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From: Stjepan Rajko (stipe_at_[hidden])
Date: 2007-05-12 17:17:56

OK, I was a little off about the maximum common subsequence thing -
getting the length of the maximum common subsequence would require:
 - initialization of top row and left column of d to 0
 - instead of min you use max (so instead of "costs" things become
"scores") - this is another useful thing to let the user specify
 - "insertion" and "deletion" scores (moving horizontally or
vertically through table) become 0
 - comparison score function (moving diagonally through table) is 1
for equal characters and 0 for unequal

I _think_ that should be right... but I'm still talking off the top of
my head :-) sorry for any mistakes.


On 5/12/07, Stjepan Rajko <stipe_at_[hidden]> wrote:
> > Wow that's just the algorithm found on wikipedia, re-written in c++ and
> > boostified for introduction in boost/algorithm/string. Nothing fancy
> > here, it is definitely basic dynamic programming. My question was more
> > to know if there is potential "users" interested and if it's the
> > appropiate place to propose it.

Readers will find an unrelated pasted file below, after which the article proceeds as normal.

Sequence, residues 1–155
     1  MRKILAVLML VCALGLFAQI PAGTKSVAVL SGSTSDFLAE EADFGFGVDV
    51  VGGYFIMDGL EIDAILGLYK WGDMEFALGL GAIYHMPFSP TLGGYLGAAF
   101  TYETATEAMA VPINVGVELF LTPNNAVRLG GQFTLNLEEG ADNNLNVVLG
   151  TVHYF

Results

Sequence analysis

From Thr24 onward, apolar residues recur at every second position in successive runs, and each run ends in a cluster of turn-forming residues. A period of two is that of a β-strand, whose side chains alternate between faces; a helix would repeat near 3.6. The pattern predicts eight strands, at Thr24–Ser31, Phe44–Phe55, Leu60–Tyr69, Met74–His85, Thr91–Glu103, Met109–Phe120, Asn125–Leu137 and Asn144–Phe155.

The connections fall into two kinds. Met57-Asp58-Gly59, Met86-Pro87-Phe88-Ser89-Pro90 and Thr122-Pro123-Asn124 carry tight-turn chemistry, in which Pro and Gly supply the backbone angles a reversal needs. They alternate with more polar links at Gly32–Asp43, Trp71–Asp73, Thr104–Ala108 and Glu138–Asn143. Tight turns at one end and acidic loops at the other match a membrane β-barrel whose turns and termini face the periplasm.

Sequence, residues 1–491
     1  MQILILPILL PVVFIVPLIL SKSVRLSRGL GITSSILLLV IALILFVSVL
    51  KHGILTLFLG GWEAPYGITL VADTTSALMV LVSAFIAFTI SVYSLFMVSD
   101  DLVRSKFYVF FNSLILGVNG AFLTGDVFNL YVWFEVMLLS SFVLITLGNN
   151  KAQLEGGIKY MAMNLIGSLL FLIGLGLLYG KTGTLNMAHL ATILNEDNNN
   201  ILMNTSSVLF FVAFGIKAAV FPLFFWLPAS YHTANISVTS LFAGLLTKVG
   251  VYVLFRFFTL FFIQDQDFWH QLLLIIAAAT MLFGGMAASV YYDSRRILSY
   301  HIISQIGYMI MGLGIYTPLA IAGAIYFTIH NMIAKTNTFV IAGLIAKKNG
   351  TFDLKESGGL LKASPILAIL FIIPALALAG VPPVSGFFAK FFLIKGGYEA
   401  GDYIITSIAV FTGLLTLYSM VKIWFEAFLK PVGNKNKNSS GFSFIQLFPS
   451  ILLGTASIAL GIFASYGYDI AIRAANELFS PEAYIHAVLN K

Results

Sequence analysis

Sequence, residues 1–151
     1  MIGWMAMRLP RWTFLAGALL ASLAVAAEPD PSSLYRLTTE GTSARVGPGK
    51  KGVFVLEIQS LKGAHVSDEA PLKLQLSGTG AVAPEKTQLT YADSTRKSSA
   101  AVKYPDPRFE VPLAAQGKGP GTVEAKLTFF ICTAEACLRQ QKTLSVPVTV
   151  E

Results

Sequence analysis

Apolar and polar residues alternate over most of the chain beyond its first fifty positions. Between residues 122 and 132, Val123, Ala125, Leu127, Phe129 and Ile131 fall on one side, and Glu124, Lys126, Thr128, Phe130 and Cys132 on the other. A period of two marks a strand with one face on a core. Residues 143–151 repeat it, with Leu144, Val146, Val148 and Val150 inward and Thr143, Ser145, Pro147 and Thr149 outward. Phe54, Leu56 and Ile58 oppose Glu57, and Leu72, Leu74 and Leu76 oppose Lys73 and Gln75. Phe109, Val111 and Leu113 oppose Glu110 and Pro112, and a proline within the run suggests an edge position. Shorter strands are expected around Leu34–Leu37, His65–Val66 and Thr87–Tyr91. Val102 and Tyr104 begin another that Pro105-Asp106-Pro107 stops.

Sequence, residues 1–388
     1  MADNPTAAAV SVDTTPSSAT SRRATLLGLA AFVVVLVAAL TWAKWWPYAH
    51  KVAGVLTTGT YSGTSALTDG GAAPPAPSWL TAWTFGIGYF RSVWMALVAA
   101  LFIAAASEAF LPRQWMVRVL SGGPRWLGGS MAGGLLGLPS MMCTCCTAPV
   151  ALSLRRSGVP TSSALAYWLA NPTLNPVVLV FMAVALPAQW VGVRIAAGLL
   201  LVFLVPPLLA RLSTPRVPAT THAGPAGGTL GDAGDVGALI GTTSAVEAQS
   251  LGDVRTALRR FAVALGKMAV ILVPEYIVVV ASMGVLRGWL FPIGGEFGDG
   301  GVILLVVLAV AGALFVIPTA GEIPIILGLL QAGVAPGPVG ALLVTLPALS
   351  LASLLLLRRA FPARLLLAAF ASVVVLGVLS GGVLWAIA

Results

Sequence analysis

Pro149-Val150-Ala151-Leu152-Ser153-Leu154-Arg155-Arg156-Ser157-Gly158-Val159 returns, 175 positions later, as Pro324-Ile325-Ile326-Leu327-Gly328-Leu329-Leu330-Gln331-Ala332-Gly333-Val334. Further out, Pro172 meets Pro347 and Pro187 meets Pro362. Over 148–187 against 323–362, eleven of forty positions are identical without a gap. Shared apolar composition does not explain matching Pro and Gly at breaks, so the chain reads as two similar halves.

> >
> I know... I was just pointing out that by implementing edit distance,
> you're not far from a slew of other useful things. For example, can
> easily add support for a ton of related problems (maximum common
> subsequence distance, for example), just by allowing the user to
> specify how the top row and leftmost column of the dynamic programming
> matrix are initialized. In your current implementation, you
> initialize d[0][i]=d[i][0]=i: if instead you set d[0][i]=d[i][0]=0 (if
> I remember correctly), you get maximum common subsequence distance.
> Specifying the cost of insertion / deletion is another useful thing to
> allow (hard coded to 1 in your case right now), and providing a custom
> comparison cost function between characters is another (right now it
> is hard-coded to a cost of 1 if they are different and 0 if they are
> equal).
> The next layer of difficulty/usefulness is allowing affine
> insertion/deletion costs (e.g., an insertion of length N is given a
> cost of aN + b), but that requires two tables. And then, you're not
> far from a decent probabilistic pattern recognition mechanism :-)
> This is all especially useful if you also add traceback extraction,
> i.e. extracting the calculation path which yielded the optimal result.
> This gives you the string alignment which yields optimal edit
> distance, or yields the maximum common subsequence in the other
> initialization case.
> I'm not saying you should go ahead and implement all this, but there
> is definitelly a part of it that requires a small amount of effort but
> makes it a ton more useful - I'd say at least allowing the user to
> specify custom insertion, deletion, and comparison function costs, and
> extracting the optimal alignment in the end.
> Stjepan

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